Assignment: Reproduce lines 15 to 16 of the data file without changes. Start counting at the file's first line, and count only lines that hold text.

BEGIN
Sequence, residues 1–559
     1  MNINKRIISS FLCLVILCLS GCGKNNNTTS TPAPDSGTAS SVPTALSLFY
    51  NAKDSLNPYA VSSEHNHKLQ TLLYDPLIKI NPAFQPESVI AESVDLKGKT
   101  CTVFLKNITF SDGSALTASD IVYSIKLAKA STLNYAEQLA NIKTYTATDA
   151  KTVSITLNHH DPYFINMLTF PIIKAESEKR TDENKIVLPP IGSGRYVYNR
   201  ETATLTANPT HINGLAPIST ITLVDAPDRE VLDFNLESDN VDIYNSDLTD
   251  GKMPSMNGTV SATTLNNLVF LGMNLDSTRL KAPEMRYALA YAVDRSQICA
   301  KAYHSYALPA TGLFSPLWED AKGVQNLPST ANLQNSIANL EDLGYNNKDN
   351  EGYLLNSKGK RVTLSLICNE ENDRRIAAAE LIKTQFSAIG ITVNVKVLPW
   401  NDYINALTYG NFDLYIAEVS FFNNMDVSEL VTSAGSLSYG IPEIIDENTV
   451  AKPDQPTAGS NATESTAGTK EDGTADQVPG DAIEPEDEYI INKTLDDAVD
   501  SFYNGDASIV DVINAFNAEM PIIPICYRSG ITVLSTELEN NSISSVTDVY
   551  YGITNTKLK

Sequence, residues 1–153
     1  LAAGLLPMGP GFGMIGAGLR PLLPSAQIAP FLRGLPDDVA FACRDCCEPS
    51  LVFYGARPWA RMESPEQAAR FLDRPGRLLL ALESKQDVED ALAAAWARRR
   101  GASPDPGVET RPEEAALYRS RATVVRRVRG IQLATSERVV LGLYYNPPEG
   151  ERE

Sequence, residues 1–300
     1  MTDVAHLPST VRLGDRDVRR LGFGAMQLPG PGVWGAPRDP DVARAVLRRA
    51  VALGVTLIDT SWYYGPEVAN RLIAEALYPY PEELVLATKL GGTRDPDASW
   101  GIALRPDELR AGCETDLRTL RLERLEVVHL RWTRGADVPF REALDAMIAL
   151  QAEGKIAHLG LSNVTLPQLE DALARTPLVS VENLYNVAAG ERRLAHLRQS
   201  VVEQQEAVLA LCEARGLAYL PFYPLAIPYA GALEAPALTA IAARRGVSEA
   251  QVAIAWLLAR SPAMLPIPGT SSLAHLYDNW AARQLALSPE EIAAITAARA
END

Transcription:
     1  LAAGLLPMGP GFGMIGAGLR PLLPSAQIAP FLRGLPDDVA FACRDCCEPS
    51  LVFYGARPWA RMESPEQAAR FLDRPGRLLL ALESKQDVED ALAAAWARRR